Francis Bacon’s Peculiar Time in 1920s’ Berlin

The more research I did on Francis Bacon, the more enthralled I became. Always on the lookout for troubled musicians whose drunken rhymes I could live by, I’d never been that passionate about any visual artist. But I have to admit – that guy was just like a rock star, at least if you consider just how emotionally haunting his works could be.

Clearly, I thought, with this kind of artistic sensibility, he must have been to Berlin.

And I was right. What’s interesting, though, and why I decided to write this article, is that Bacon’s  Berlin experience was not limited to the times he might have been to our beloved Hauptstadt already as an acclaimed painter. The first time his wild imagination was undeniably stimulated by this promiscuous city took place in 1927, back in the days of the Weimar Republic.

Even at that time, Berlin couldn’t have been mistaken for any other city. The advancement of science, art and design appeared along other phenomenons of the society, and describing them as decadent would be quite merciful. Prostitution was becoming more popular among women and youths of both sexes, and the notorious party supply by the name of cocaine was easy to access.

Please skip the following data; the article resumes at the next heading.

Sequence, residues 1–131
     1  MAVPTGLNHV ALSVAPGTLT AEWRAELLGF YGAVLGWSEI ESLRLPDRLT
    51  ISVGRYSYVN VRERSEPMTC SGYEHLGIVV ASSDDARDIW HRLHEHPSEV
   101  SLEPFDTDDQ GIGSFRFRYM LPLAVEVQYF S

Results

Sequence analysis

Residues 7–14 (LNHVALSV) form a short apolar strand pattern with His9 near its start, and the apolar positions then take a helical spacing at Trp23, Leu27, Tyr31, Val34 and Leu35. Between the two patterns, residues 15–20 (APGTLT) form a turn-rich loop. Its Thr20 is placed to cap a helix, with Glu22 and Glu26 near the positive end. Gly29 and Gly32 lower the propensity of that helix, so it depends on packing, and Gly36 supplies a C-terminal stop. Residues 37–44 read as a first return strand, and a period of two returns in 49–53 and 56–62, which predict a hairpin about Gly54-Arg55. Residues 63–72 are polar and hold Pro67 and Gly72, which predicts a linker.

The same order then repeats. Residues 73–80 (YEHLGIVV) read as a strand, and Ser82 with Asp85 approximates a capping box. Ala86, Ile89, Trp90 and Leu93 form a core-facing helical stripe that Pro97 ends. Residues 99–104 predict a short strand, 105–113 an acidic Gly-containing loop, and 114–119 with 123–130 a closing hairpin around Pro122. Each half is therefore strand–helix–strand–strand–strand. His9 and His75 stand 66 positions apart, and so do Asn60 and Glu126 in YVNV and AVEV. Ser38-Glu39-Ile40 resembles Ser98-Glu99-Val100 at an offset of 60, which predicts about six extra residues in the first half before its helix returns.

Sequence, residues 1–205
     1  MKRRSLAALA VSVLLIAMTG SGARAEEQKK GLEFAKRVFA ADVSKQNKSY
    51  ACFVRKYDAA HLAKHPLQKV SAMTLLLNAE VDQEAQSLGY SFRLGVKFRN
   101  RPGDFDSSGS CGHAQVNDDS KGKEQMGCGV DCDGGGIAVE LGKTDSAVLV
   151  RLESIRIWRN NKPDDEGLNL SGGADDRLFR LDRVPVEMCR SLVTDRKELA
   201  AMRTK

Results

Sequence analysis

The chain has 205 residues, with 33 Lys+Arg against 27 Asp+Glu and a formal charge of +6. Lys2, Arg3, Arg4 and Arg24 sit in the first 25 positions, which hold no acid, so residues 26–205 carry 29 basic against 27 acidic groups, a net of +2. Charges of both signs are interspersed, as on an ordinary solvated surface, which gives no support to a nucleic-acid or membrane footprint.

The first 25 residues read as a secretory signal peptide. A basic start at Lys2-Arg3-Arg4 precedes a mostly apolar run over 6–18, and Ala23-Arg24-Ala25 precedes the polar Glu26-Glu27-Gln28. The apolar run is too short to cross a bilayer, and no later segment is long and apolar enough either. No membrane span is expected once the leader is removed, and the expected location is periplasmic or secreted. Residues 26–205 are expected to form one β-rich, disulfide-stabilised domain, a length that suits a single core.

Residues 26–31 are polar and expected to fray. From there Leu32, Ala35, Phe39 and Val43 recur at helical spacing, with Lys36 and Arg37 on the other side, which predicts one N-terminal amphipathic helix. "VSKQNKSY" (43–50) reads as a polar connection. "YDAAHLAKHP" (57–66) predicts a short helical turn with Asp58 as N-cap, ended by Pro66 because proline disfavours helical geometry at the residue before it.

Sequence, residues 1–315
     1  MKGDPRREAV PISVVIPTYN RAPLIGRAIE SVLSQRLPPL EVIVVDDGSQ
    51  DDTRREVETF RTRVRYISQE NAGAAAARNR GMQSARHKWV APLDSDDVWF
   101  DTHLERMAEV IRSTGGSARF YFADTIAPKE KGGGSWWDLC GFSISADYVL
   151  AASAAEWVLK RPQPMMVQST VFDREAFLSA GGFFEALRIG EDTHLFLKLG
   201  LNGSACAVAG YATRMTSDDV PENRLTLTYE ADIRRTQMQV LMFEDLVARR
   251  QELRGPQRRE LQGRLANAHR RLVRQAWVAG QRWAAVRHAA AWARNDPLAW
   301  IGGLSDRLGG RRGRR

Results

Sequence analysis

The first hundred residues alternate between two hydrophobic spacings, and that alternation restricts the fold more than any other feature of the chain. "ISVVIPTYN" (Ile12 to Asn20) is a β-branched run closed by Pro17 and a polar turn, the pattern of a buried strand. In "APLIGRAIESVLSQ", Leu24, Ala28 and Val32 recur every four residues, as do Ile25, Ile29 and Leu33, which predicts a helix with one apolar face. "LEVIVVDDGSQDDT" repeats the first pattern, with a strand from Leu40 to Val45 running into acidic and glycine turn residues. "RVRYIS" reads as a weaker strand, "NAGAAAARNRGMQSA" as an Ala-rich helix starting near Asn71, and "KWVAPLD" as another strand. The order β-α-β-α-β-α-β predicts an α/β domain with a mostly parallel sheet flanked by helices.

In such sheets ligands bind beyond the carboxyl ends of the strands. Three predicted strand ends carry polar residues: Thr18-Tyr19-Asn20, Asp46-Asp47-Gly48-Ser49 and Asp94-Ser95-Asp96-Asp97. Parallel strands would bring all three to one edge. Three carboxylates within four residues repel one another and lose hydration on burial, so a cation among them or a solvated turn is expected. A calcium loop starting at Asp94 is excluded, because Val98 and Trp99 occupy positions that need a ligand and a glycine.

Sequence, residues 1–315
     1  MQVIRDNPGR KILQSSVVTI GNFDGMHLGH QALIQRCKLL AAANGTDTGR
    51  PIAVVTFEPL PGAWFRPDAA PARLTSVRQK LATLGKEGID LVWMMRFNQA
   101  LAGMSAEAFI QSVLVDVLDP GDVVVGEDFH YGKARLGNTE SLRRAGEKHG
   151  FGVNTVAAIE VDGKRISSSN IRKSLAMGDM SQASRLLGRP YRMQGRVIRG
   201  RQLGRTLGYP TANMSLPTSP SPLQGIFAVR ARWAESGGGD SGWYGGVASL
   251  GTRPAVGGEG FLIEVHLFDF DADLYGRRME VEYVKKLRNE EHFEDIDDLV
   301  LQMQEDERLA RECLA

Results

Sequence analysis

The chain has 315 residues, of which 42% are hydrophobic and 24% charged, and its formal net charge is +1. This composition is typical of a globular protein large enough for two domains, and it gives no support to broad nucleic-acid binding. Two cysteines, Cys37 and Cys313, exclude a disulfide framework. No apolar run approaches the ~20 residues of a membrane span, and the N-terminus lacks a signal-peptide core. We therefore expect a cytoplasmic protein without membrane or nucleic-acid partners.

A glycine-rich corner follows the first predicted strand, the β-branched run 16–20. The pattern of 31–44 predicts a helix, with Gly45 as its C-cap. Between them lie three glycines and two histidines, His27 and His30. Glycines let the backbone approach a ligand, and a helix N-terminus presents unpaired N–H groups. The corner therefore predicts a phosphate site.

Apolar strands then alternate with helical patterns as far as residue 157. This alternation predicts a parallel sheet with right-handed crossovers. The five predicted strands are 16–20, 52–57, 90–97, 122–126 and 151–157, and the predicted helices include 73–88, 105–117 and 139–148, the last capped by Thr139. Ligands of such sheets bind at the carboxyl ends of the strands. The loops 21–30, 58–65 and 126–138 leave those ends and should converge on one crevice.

If anything is still missing from this story of the mystical way Berlin can influence artists, bear in mind that young homosexual Bacon was allegedly sent here by his caring father in order to… become straight.

But Berlin at the time was not the place to oppress anyone’s sexuality. It was home to a pioneer research centre, the Institut fur Sexualwissenschaft. The nightlife was thriving, and especially so, just like today, in clubs like Eldorado, a favorite among the queer crowd. No wonder then that after two months spent in Berlin Bacon’s identity became richer, but its core remained the same.

Text: Michalina Gorajek, research source: Francis Bacon on Wikipedia1920s Berlin on Wikipedia, Collages: Frank R. Schröder

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<a href="" target="_self">Michalina</a>